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Can You Beat Centrists at Their Own Game?

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Matt Yglesias, explaining the tactical thinking of liberals who want to draw a line in the sand over the public option, writes, "If you become known as the guys who are always willing to be reasonable and fold while the Blue Dogs are the guys who are happy to let the world burn unless someone kisses your ring, then in the short-term your reasonableness will let some things get done but over the long-term you’ll get squeezed out."

This seems a bit like a firefighter attempting to out-arson an arsonist. The reason the Blue Dogs have a reputation for being happy to let the world burn is that they really, really, really are willing to let the world burn, let health care fail, let cap-and-trade die, let Iraq grind on. The reason liberals have a reputation for not wanting to let the world burn is that all the anti-burn initiatives under discussion are, in fact, items from their agenda. They really, really, really don't want the world to burn. It's possible they'll be able to do it once. But what happens then? The Blue Dogs, now distancing themselves from a party that seems to be plummeting in the polls, will happily abandon cap-and-trade, because that's their preferred position anyway. Will the liberals? What if we need another stimulus? The Blue Dogs don't want to support that bill. Attracting them will require all manner of concessions, if it's possible at all. Will the liberals kill that, too?

What, in other words, is the endgame of this strategy? The hope seems to be that Rahm Emanuel turns his attention to beating Blue Dogs, rather than liberals, into line. Maybe. But what makes people think that's possible? What's his actual leverage against vulnerable Democrats voting for initiatives their voters don't obviously support in districts Barack Obama didn't win at a time when the president is no longer popular?

There's no successful model for blunting the power of centrists to write -- or kill -- the final compromise. President after president has found himself foiled by congressional centrists. George W. Bush never truly managed to bring Susan Collins, George Voinovich, or Olympia Snowe to heel. His tax cuts were smaller than he wanted, his Medicare expansion was pricier than conservatives liked, and his attempt to privatize Social Security was batted back. Bill Clinton fared little better. The hardest votes are the people who don't fundamentally want to vote for your agenda, not the people who do. And those are always the votes you get last.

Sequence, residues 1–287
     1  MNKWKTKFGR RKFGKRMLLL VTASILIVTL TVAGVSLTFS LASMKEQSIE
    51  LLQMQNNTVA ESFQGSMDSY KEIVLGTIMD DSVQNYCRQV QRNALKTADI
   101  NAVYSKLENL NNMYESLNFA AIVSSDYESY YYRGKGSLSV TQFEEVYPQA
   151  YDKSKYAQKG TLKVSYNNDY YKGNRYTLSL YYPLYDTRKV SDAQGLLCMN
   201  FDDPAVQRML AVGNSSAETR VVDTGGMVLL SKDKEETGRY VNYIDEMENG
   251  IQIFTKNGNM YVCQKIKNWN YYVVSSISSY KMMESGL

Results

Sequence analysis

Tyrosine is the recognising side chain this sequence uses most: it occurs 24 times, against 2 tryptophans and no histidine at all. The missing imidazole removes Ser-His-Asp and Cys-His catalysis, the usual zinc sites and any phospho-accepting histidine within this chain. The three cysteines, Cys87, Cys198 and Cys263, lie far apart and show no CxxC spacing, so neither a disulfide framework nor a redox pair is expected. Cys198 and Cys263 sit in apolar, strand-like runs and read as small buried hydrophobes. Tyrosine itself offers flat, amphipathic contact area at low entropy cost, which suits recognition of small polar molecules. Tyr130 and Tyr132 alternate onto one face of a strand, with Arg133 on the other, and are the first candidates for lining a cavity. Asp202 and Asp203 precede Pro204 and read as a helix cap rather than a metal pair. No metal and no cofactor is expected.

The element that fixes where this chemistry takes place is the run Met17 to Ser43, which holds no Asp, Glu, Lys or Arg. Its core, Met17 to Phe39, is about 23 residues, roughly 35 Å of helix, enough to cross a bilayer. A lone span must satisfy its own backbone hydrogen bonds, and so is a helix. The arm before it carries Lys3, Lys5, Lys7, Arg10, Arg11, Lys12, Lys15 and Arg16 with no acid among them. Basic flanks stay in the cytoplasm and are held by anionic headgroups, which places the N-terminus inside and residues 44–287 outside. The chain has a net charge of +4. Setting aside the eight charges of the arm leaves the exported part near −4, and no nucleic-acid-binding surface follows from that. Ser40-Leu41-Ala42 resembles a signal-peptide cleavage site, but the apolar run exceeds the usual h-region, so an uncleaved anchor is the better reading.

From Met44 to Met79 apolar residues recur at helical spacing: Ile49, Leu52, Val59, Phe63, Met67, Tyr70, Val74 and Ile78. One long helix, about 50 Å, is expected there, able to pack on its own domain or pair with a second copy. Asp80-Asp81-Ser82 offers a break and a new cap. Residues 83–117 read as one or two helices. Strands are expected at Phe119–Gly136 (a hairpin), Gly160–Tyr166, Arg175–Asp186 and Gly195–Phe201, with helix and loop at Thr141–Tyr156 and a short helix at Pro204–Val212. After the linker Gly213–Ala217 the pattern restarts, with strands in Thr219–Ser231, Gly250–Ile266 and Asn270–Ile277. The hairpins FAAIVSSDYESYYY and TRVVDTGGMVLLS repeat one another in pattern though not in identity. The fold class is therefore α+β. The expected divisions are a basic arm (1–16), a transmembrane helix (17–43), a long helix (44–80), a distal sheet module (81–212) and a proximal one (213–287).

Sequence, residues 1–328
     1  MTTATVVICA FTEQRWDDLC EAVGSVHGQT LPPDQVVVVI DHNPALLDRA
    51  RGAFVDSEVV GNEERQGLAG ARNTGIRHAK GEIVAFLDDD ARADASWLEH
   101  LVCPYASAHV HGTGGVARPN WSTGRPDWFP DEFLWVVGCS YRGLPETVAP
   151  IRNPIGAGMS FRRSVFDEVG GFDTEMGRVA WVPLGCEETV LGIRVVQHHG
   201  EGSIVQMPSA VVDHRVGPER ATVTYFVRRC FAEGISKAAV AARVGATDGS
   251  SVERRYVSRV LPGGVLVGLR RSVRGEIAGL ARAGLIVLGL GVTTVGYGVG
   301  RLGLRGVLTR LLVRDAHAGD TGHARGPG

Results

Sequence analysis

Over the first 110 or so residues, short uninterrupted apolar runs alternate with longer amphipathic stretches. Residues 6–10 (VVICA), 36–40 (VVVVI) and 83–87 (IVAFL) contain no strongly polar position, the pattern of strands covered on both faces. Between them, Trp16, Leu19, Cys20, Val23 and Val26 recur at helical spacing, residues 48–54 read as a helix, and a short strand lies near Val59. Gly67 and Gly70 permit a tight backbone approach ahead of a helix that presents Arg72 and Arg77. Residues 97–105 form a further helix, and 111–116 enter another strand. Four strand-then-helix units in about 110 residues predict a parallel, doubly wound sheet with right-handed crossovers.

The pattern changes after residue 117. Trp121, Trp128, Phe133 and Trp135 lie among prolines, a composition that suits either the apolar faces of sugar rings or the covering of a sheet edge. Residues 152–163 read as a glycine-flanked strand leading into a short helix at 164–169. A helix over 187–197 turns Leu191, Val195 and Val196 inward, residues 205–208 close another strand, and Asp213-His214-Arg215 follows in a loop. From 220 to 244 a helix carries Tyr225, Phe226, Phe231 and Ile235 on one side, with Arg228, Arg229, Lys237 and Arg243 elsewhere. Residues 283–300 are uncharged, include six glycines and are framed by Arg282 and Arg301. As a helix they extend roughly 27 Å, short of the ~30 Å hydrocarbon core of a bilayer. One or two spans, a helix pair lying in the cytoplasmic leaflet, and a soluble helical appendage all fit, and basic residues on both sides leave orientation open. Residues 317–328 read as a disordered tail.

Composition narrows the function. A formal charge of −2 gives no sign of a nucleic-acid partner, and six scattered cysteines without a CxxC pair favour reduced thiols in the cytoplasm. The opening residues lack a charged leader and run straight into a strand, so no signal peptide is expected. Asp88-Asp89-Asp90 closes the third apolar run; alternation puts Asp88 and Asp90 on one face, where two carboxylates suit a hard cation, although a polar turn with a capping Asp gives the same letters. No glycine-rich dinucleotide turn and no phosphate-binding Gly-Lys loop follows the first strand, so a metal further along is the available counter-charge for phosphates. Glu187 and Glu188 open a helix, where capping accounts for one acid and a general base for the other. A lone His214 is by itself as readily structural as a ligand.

The outcome of this strategy, then, seems to be that the Democratic Party pretty much collapses into infighting and fails to pass its top priorities and loses a bunch of seats in the next election. The media explains that the liberal Nancy Pelosi and her liberal House Democrats caused the electoral disaster, or that Democrats couldn't agree on an agenda. Long term, I'm not sure who that helps.

Which gets back to the original question: Can you beat the Blue Dogs at their own game of final-stage obstruction? The reason they've chosen that game, after all, is because their incentives are well aligned to win it. Liberals need another game. Maybe it's primary challenges. That strategy has certainly worked against Arlen Specter, Kirsten Gillibrand and Chuck Grassley. Liberal groups certainly have the money to mount five or six high-profile challenges a season. Maybe it's procedural changes meant to weaken the power of centrists. Maybe it's something else. Maybe it's all of these things. But it's hard to imagine that liberals will ever beat the Blue Dogs at their own game. The likelier outcome is that everybody loses.

Photo credit: Stephen Chernin -- Associated Press

By Ezra Klein  |  September 3, 2009; 10:47 AM ET
Categories:  Democrats  
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Comments

let's be clear who the blue dogs are: they are republicans who are hiding out in the democratic party because they are scared of the thugs who run things on the gop side.

frankly, the democratic party would do better without them, so i absolutely favor systematic primary challenges against the most egregious blue dogs.

(i also favor an intelligence test before you can enter congress, which would pretty much take care of the blue dogs, but you can't have everything).

Posted by: howard16 | September 3, 2009 10:51 AM | Report abuse

There is one problem with your analysis on the specific point of health care reform. If health care reform fails, and there is an anti-Democratic backlash, the representatives most likely to lose in 2010 are not progressives in safely Democratic seats, but Blue Dogs in southern and mid-western swing districts. Thus, the progressives do not have an electoral incentive to back down.

Posted by: mjames2 | September 3, 2009 10:53 AM | Report abuse

What 1994 taught us, and should teach the Blue Dogs: If health insurance reform doesn't pass, the Blue Dogs will lose their re-election campaigns to "real" Republicans and the progressives will be re-elected to their safe seats. If health insurance reform passes, the Blue Dogs will be re-elected.

Blue Dogs win when they champion popular programs like Social Security, the TVA, Medicare. They lose when they try to be Republicans.

Posted by: xtalguy | September 3, 2009 10:54 AM | Report abuse